One of the most brilliant minds of the scientific world, Dr. Albert Einstein, told this story about himself. He had boarded a train and was seated near the window when the conductor came through checking the tickets of each of the passengers. Einstein had looked through his briefcase and in his pockets, but couldn’t come up with his ticket. The conductor, who recognized Dr. Einstein, said, “It’s all right, sir. We know who you are. You don’t need to show me a ticket.” Dr. Einstein looked up and said to the conductor, “Thank you, sir. I may not need to show you a ticket, but I need to know where I’m going!”

In the midst of all the advice — sometimes conflicting and confusing — many of us may feel we need a ticket to wherever it is we are going. One wag running down the street cried out, “I don’t know where I’m going, but I am making a lot of progress.”

Some very important questions may help us to determine who we are, where we are going and why we are here. The question of identity is extremely important, particularly in a world where gender identity may be an uncertain issue. Perhaps the labels we put on ourselves and those that others use to describe us are not as important as what we feel deep within. Looking into a mirror helps us to define the physical characteristics we and others see, but it is far more important to gaze deeply into the mirror reflections of your soul and discover what your inner being is reflecting. Too often we settle for answering the question of identity (who am I) with a description of what we do. You will hear people say, I’m a salesman; I’m a housewife; I’m a politician; or I’m an actress! I wonder if these responses actually reflect who we are?

At other times, like Dr. Einstein, we may not be sure what our direction in life is. Many of us are being swept along with the pressures of life’s tide and not stopping to analyze exactly what that means in terms of life’s direction. In these days of GPS systems and wonderful mapping capabilities, finding a direction is not so difficult, but making sure it is the right one requires far more contemplation.

When we have clearly brought the question of identity — who am I? — into focus; and when we have wrestled with the question of direction — where am I going? — we need to add the third major consideration to our thinking: “why am I here?” The struggle to define one’s purpose in life is perhaps the most demanding.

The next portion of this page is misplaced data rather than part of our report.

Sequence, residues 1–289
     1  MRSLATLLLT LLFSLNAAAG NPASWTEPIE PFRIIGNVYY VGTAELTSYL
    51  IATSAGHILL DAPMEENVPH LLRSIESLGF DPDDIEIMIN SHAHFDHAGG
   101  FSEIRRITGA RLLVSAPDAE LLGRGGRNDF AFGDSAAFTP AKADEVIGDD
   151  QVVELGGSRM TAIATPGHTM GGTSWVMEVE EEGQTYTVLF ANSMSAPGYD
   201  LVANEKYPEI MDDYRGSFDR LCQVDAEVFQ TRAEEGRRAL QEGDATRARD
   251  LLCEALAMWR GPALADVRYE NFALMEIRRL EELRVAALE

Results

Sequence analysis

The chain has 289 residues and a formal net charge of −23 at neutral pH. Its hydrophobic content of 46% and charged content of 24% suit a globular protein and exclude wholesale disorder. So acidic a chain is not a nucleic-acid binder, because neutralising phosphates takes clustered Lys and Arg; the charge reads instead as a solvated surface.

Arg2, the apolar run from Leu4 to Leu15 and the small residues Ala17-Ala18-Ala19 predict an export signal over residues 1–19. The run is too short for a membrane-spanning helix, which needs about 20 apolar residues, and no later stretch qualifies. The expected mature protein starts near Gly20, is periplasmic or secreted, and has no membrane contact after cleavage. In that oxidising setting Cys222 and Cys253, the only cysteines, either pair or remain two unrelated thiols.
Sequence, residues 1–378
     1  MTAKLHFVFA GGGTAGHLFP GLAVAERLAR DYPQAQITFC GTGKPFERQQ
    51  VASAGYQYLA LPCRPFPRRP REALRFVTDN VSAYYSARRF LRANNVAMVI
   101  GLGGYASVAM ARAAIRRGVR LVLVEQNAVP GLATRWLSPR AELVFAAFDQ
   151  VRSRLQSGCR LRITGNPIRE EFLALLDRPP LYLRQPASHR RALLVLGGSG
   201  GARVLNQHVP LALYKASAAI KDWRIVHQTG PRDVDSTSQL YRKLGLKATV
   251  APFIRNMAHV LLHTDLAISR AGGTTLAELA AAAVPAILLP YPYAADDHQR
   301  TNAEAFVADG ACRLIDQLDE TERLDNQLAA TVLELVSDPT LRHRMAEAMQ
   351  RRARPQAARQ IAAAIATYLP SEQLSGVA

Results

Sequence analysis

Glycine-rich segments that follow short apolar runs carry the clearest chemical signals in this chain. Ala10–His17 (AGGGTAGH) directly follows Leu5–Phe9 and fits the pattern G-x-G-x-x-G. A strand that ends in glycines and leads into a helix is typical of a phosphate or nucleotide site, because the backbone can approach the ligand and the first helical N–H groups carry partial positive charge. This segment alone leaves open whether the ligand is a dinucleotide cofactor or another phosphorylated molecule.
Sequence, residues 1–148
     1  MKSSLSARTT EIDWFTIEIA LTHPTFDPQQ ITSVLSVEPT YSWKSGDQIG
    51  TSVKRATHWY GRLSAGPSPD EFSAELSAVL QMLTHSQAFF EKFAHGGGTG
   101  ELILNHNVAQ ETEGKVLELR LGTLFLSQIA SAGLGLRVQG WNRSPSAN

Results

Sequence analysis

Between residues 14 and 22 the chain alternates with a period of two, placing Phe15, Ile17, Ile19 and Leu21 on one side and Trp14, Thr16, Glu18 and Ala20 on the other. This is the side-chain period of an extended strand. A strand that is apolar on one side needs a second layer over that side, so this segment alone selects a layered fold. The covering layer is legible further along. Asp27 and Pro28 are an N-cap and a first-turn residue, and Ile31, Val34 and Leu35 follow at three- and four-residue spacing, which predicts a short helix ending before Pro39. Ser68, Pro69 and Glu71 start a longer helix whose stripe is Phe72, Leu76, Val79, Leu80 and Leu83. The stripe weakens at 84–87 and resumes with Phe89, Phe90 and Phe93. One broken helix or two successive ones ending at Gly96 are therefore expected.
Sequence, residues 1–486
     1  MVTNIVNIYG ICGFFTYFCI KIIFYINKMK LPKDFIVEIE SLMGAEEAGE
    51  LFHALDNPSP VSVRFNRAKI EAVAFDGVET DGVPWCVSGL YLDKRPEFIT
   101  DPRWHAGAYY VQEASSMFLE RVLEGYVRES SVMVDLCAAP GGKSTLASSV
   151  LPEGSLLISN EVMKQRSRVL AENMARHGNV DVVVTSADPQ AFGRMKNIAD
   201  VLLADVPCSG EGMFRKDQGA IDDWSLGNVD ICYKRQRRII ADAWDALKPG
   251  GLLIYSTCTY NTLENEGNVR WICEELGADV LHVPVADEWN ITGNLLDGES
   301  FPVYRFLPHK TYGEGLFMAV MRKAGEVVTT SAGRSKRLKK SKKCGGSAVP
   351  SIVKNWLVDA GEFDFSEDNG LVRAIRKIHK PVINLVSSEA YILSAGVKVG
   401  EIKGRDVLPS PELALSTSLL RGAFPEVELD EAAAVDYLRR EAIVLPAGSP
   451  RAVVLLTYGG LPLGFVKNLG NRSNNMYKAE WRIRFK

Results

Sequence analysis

Many of the people who came to my office for therapy really felt an absence of purpose. A man who said he was depressed and wanted a divorce sat down with his wife, who felt blindsided by her husband’s decision. As the details unfolded, he described his desire to be the president of his company. That was his aim. Realizing that the son of the owner was a bit younger than he was and knowing he would not reach that goal, he felt “locked in.” That was when he decided to get a divorce! When he couldn’t change his outlook on a future business position, he decided to change his partnership with his wife. Acknowledging what was causing him to struggle with circumstantial depression, he decided to work on his marriage relationship. By redefining his purpose in life, he not only felt relieved but he and his wife had a much better relationship. Not all cases are quite this obvious but I can assure you that this couple has been much happier over the last 20 years!

Examining some basic questions in your life may bring you new insights and offer new options. Try these three questions for starters: who am I? Why am I here? And where am I going? Identity, purpose and direction help us to determine what really matters in our lives.

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Dr. James E. Kilgore retired as President of the International Family Foundation and lives in Canton. His most recent book, “Living Without Limits,” was published in late 2019 and is available at Amazon or Barnes & Noble.

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